It will have fountains, a playground and an open lawn. There will be statues honoring Civil Rights leaders with connections to the neighborhood, including Martin Luther King Jr. and Julian Bond. The park will also help address flooding issues that have plagued the area for years.

Closer Look: Coretta Scott King; 'Fences'; And More

Jan 24, 2017
Toby Massey / Associated Press

Tuesday on "Closer Look with Rose Scott and Jim Burress":

The Christian nonprofit City of Refuge, based in Atlanta's Westside, will receive $7.5 million in funding for emergency housing, job training, health services and youth development programs for Atlanta residents.
Tasnim Shamma / WABE

Chick-fil-A, Coca-Cola and the city of Atlanta announced a $7.5 million donation to a nonprofit that provides job training in Westside Atlanta.

The City of Refuge is a Christian organization that helps residents with jobs, youth development, emergency housing and health care access.

Chick-fil-A CEO Dan Cathy made the largest investment so far in the group's $25.5 million capital campaign.

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Boarded-up houses and kudzo covered houses are a common sight in the English Ave and Vine City communities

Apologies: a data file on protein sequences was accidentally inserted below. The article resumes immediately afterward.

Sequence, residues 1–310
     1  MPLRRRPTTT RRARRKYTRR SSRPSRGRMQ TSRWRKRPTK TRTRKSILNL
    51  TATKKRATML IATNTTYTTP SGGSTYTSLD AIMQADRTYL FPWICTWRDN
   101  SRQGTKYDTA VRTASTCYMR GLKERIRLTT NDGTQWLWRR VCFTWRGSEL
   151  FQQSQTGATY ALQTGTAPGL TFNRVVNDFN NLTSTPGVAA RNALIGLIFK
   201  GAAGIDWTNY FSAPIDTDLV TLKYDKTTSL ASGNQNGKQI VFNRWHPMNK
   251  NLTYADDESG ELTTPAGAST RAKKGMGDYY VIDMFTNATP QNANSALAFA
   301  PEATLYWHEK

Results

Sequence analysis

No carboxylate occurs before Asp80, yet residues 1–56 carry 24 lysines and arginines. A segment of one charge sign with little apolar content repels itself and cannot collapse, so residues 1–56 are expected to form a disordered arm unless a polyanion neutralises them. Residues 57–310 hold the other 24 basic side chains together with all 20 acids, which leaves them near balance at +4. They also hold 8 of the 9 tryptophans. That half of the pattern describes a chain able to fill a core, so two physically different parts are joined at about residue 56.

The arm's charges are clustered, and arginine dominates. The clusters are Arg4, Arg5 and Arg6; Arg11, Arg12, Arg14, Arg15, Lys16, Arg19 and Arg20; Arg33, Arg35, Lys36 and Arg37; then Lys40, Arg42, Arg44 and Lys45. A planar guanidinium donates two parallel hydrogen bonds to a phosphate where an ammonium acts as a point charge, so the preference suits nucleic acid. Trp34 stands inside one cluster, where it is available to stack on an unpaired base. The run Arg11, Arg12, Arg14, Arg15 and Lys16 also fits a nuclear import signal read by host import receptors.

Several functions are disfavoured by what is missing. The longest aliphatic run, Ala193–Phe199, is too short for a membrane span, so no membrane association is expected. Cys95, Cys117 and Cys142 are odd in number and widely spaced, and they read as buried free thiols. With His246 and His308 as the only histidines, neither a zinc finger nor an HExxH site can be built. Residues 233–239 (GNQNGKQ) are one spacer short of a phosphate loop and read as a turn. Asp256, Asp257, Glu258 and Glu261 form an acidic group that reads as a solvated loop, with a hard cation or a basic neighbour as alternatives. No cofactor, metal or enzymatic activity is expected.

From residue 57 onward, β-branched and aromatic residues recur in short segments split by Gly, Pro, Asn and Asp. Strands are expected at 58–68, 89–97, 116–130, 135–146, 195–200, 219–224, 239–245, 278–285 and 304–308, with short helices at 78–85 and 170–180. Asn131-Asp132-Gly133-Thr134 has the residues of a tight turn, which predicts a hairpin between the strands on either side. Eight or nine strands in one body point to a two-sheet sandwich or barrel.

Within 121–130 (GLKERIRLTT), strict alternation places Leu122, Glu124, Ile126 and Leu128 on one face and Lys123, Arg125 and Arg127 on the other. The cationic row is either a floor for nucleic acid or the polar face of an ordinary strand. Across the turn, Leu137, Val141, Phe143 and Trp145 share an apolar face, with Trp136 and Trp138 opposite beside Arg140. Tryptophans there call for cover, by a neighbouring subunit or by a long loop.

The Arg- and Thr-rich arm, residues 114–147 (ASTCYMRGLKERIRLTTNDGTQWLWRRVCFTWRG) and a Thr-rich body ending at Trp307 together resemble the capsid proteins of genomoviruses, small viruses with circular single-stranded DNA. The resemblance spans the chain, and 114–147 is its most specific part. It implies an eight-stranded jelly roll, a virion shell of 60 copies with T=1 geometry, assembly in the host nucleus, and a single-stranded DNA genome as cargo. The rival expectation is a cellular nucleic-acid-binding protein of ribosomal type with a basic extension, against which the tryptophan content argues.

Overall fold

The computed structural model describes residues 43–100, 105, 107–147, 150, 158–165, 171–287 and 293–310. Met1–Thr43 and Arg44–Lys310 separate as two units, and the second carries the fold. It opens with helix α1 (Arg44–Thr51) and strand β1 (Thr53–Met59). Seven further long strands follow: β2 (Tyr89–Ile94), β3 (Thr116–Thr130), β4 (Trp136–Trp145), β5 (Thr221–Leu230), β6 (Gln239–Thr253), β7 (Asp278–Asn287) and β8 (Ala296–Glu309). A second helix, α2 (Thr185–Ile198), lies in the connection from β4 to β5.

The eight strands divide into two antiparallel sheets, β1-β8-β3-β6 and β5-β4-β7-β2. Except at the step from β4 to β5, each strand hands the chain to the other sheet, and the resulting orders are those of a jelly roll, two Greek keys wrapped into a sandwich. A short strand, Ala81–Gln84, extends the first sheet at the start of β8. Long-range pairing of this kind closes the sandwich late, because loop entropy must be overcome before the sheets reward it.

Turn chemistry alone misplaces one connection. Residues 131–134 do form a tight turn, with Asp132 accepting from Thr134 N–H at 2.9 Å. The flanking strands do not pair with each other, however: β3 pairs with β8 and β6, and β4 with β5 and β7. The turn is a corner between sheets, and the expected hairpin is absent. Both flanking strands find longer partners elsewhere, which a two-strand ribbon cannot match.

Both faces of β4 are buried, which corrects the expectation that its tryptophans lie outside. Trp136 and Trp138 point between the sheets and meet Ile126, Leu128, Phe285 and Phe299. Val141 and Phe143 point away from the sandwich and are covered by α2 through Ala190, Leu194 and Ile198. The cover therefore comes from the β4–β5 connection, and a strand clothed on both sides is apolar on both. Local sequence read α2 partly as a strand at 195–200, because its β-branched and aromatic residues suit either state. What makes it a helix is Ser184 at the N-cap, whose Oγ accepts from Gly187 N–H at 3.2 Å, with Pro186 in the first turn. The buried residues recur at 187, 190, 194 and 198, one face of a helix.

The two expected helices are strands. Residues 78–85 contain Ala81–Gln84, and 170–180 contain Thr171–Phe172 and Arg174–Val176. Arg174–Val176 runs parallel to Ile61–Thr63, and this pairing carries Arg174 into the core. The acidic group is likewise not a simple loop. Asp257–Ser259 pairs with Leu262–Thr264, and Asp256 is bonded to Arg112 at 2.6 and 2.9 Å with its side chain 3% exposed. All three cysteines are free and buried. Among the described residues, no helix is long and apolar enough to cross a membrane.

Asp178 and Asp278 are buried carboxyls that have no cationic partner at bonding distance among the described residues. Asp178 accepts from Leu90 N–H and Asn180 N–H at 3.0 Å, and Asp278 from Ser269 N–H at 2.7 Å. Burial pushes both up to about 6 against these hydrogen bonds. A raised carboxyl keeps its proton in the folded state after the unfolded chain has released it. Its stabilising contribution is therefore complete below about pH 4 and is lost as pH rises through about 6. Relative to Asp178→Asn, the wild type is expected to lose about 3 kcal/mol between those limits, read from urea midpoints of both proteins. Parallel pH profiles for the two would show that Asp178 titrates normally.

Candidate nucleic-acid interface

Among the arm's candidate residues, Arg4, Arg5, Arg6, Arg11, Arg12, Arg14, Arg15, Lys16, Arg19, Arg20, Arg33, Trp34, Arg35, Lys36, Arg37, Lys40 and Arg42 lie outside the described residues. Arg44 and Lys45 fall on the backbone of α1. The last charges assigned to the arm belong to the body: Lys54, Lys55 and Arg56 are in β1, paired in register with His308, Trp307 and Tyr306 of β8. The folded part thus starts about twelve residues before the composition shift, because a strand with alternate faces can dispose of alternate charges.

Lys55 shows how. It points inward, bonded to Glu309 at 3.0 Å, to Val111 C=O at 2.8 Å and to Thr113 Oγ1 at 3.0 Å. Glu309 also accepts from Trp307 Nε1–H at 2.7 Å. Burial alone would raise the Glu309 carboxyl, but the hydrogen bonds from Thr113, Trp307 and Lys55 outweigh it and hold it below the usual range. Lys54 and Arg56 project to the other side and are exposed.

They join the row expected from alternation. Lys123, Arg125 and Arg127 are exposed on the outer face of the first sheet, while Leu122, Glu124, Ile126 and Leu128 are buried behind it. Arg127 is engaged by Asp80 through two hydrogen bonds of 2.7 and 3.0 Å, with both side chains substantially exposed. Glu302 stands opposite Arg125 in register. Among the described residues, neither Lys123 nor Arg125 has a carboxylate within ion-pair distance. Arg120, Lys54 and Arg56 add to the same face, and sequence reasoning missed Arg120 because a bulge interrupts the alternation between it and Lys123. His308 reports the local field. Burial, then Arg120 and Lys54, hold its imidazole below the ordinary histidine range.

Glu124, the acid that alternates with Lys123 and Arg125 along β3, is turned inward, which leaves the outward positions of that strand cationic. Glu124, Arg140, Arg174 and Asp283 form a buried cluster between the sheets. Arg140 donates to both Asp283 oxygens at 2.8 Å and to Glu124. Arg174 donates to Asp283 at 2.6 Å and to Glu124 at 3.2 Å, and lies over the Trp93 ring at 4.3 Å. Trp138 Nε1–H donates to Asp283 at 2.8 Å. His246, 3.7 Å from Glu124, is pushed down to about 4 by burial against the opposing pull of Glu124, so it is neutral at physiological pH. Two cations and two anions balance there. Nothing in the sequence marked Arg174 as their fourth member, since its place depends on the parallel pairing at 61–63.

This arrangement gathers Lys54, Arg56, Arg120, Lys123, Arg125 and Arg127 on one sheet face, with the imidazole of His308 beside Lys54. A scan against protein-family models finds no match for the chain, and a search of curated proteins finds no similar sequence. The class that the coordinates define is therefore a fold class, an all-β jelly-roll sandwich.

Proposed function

Alison Guillory / WABE

 A new research paper is sounding the alarm over rising rents on Atlanta’s west side, where the BeltLine is slated for paving.

Dan Immergluck, professor of City and Regional Planning at Georgia Tech, wrote the paper. Its bottom line: Affordable housing on Atlanta’s west side should be established now, before land values and property taxes rise any higher.

Alison Guillory / WABE

From its headwaters near the Georgia Dome and the Atlanta University Center to where it empties into the Chattahoochee River near the Perimeter, all of Proctor Creek is inside the city of Atlanta. And city life can be hard on a creek: Big storms make it flood; sewers overflow into it; there’s illegal dumping; and when it rains, the water running off the roads carries trash and chemicals into the creek.

Lauren Waits / WABE

It’s been about a year since Atlanta Mayor Kasim Reed and a group of area CEOs created the Westside Future Fund, an organization designed to revitalize Atlanta's most challenged communities. 

Quince T. Brinkley Jr., the new executive director of the Westside Future Fund, discussed on “A Closer Look,” his plan to interact with the community before possibly revitalizing Atlanta’s west side neighborhoods.    

Bellwood Quarry sits west of Midtown Atlanta.
City of Atlanta

Eventually Bellwood Quarry will be big. Right now, it’s 300 acres of woods and trash, plus the quarry itself. But the plan is for it to be a huge new park on Atlanta’s Westside, and the committee dedicated to redeveloping the site will start meeting next year.

City councilman Michael Julian Bond formed the committee. He said the park will be a place to hold big concerts and festivals. There’s a creek running through it, forests and great views.

“I run into people every day that ask me what’s going on at that site,” Bond said. “They’re ready for a new park.”